Selgin’s paper was written in 1994, long before the emergence of cryptocurrencies. The post-2008 blooming of thousands of cryptocurrencies — from Bitcoin to Dentacoin to Sexcoin — seems to finally favor Nicholson. Like Nicholson’s dodo bones, these digital tokens do not have any value apart from their ability to be exchanged, and they do not come into existence with a fixed exchange rate to a pre-existing commodity or currency. Cryptocurrencies are thus fatally handicapped by Anderson’s circularity problem, and this should —in theory at least — rule out their existence. Yet there they are, trading at a positive price. Crypto analysts like Chris Burniske are even using Nicholson-style logic, the equation of exchange, in an effort to arrive at a fair value for Bitcoin.
Bitcoin didn’t magically start to trade at a positive value. If a group of insiders worked together to generate a set of Bitcoin trades, outsiders would have been able to observe a history of positive prices, and this might have tricked them into adopting what were essentially intrinsically useless tokens. In his paper Getting off the Ground: The Case of Bitcoin, William Luther analyzes messages left on early Bitcoin discussion lists that illustrate how early adopters might have understood the importance of coordinating to bootstrap the price of Bitcoin.
The fact that Anderson’s theory of money seems to fail the Bitcoin test forces us to question our long tradition of issuing new coins that contain precious metals, or banknotes redeemable for some other, already valuable instrument. Going forward, why don’t nations simply create new fiat currencies out of nothing, sort of like how Bitcoin pulled itself up by its own bootstraps?
I’m wary of using Bitcoin as a test for monetary theory, whether this be Hayek’s theory, Anderson’s, or anyone else’s. Not only has Bitcoin been lifted off the ground, so have hundreds, perhaps thousands, of other cryptocurrencies over the last decade. The launching of these new monies seems suspiciously easy. While there is no precedent in monetary history for dodo-bones money, within the broader stream of financial history there is certainly precedent for a dodo-bones asset. Intrinsically useless IOUs such as chain letters and promises issued by Ponzi and pyramid schemers have been popping up for centuries. Cryptocurrencies may have more in common with these phenomena and less with monetary phenomena like dollars, banknotes, and coins.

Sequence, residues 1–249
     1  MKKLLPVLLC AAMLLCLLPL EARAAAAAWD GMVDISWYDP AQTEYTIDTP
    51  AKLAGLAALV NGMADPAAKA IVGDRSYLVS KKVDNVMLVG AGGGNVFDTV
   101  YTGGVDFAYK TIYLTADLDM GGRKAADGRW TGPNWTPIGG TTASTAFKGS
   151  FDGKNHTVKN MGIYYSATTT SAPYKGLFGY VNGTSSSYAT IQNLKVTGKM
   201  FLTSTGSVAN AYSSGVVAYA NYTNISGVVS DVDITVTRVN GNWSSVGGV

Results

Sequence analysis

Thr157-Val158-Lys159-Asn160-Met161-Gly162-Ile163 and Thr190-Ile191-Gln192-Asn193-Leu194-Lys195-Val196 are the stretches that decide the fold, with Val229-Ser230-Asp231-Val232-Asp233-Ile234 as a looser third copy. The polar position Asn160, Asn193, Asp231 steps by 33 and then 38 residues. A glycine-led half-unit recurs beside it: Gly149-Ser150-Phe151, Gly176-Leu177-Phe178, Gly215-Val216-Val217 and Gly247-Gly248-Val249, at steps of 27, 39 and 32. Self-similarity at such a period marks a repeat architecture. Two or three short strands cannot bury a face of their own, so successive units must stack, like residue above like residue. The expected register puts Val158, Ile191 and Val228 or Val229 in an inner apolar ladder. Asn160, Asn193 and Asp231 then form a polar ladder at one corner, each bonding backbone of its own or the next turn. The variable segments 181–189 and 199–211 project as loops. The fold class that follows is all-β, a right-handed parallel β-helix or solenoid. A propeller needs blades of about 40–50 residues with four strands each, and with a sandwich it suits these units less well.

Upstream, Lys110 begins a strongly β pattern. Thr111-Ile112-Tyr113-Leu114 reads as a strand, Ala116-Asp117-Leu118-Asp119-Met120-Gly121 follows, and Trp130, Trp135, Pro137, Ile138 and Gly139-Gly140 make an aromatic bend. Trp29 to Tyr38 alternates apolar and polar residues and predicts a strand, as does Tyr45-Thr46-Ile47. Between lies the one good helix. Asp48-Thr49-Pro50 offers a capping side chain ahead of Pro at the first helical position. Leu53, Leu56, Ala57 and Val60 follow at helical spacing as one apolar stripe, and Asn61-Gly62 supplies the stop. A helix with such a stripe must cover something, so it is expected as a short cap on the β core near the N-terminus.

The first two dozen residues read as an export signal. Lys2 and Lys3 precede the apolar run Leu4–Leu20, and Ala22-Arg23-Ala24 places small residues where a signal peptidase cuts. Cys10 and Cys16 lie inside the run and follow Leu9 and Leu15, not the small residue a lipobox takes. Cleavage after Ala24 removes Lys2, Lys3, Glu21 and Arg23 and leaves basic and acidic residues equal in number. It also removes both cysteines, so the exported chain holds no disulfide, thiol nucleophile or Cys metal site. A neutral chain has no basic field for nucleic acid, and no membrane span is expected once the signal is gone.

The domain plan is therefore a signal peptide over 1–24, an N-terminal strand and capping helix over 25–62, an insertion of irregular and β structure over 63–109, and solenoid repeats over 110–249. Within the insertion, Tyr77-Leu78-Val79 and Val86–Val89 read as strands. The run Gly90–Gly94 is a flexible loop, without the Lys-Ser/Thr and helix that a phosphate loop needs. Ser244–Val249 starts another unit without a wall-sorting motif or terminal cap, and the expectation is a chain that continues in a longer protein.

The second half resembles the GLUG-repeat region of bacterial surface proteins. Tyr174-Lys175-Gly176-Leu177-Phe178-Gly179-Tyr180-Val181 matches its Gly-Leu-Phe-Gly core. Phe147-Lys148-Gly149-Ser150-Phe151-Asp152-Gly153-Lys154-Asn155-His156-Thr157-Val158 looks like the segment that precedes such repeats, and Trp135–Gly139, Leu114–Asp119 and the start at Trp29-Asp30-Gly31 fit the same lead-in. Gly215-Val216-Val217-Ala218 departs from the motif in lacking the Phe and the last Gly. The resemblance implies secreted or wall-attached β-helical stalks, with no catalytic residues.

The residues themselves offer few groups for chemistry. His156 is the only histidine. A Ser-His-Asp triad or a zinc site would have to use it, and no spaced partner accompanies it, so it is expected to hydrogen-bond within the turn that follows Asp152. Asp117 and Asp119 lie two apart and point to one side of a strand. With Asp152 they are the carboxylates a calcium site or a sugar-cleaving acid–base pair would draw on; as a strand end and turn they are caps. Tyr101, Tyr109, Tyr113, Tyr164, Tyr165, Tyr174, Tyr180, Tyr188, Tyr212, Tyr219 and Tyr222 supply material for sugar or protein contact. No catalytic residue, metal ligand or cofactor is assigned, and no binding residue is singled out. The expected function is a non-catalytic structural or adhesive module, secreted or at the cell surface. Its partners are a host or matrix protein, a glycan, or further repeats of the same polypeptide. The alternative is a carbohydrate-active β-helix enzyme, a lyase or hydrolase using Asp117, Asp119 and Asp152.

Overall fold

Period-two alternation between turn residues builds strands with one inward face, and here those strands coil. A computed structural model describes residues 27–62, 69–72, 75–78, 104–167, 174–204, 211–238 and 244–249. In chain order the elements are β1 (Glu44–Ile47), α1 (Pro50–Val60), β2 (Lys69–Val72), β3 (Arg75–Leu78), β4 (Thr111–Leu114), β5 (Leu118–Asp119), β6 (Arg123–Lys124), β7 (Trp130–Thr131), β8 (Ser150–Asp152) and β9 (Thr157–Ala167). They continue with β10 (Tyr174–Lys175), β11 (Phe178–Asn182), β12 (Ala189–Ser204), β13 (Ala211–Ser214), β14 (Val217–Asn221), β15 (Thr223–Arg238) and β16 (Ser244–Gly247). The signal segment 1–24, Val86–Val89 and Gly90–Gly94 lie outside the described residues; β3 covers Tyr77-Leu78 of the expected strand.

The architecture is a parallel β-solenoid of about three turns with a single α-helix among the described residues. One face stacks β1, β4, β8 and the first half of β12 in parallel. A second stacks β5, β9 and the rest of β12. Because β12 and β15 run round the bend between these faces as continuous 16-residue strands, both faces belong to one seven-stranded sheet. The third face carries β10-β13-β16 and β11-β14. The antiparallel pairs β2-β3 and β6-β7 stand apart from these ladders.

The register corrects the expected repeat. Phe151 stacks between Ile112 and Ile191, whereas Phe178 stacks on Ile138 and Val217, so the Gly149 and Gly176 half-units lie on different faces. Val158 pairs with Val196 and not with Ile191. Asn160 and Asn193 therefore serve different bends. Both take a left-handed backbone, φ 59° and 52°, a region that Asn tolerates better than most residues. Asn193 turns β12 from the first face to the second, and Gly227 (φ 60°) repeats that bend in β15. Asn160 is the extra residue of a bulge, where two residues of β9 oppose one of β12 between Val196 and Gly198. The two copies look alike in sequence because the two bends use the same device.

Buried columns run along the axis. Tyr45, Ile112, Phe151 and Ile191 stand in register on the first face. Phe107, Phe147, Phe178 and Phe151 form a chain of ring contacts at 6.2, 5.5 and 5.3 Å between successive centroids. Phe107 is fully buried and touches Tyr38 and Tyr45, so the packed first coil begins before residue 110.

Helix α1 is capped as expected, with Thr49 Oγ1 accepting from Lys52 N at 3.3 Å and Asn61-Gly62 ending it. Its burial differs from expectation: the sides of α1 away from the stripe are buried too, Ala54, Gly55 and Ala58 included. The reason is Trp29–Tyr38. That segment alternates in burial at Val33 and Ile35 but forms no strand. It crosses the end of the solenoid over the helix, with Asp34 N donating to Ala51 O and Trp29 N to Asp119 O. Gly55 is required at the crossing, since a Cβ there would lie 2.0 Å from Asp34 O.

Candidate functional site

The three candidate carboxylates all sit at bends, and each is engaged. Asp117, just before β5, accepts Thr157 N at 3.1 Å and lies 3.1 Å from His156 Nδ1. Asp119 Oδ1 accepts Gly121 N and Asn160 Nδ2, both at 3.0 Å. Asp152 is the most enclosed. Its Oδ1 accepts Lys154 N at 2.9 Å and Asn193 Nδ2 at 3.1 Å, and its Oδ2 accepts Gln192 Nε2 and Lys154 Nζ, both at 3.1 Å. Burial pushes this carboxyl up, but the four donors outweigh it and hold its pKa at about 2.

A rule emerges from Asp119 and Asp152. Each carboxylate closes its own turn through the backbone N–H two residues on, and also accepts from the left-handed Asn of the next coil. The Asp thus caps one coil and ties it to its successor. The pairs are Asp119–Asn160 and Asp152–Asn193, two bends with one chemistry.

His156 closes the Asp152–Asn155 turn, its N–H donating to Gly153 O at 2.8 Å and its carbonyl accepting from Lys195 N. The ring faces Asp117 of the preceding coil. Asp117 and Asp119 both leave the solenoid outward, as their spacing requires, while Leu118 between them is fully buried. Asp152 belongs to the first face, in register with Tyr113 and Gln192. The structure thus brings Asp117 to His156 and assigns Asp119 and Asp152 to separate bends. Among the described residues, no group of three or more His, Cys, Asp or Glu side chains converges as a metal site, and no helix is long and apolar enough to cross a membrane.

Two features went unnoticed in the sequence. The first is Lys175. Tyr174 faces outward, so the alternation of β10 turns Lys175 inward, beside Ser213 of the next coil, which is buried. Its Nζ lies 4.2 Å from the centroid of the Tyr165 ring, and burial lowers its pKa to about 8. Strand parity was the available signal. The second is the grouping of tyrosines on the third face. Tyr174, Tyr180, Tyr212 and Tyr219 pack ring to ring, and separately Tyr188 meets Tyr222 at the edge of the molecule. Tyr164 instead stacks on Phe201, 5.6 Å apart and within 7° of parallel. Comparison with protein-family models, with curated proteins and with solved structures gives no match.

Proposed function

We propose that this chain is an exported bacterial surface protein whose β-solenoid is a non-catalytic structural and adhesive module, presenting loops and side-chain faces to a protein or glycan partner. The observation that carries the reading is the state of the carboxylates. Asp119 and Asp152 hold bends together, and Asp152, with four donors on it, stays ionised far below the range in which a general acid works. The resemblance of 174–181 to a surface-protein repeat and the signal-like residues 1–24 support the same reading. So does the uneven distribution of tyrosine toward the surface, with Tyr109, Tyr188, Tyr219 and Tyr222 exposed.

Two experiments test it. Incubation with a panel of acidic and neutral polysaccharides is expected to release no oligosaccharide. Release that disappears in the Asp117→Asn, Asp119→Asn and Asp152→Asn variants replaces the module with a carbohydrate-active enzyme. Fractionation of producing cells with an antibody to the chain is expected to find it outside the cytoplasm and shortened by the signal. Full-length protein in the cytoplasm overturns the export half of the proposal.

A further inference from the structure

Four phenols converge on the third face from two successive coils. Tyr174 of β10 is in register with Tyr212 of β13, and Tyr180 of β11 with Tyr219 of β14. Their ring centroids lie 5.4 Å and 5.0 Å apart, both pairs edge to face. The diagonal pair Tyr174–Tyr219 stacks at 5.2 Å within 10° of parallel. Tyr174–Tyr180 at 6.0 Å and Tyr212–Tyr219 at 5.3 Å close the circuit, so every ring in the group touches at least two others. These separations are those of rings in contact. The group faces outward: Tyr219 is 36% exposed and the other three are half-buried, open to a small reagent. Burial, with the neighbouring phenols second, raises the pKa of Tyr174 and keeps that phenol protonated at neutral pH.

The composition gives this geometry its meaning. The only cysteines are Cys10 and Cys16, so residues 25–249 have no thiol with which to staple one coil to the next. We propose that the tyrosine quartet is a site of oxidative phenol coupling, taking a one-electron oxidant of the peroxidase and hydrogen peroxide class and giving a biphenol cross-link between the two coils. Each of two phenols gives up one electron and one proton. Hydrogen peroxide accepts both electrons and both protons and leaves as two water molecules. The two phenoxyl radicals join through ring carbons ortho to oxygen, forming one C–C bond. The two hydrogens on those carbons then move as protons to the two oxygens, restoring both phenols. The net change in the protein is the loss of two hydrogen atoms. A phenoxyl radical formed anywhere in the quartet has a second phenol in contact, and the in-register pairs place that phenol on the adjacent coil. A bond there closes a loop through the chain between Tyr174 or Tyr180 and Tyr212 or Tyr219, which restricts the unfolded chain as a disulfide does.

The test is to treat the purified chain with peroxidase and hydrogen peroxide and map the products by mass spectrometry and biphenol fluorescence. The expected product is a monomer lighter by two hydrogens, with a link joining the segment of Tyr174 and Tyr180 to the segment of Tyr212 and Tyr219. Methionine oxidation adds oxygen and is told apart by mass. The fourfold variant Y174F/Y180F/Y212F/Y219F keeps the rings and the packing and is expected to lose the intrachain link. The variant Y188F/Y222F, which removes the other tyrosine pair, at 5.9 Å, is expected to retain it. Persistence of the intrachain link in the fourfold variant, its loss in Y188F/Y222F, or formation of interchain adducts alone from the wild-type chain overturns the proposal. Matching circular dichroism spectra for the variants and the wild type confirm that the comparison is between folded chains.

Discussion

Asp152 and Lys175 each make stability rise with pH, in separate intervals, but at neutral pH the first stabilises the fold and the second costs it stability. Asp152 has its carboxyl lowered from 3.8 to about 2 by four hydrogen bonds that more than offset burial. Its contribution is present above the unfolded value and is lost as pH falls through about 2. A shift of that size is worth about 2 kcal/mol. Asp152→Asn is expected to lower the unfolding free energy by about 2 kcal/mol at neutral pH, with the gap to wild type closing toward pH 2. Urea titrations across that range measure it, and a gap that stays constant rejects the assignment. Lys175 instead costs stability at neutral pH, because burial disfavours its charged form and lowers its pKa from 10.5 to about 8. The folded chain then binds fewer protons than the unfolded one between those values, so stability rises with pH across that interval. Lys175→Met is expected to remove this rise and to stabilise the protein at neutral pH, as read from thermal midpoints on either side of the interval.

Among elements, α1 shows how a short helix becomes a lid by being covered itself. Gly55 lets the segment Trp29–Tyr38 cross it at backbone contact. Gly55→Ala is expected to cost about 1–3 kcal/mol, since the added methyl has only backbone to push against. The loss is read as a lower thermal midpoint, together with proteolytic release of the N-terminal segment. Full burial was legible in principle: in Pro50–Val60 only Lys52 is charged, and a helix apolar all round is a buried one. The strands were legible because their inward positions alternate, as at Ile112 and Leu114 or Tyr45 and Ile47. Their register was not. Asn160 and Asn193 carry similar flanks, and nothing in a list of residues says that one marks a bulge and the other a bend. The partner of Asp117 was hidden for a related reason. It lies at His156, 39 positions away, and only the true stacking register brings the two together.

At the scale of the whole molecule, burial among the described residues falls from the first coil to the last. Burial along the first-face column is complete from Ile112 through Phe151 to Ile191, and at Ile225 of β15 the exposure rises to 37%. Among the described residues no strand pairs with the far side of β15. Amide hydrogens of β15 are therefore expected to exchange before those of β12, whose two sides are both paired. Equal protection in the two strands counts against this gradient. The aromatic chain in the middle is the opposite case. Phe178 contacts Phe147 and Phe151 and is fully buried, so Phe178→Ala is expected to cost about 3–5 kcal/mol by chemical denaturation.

This is somewhat confirmed by the observation that cryptocurrencies do not show the same transaction patterns of traditional media of exchange. The most important of them, Bitcoin, is only accepted by a handful of large retailers. When cryptocurrencies do trade hands, participants seem to be motivated by speculation, not payments for goods and services. That they aren’t used much to buy stuff leads me to believe that Bitcoin and other cryptocurrencies have not yet qualified as a monetary phenomenon, and thus monetary economists are under no obligation to explain it. Anderson’s critique of Nicholson’s dodo-bones theory is probably safe, for now.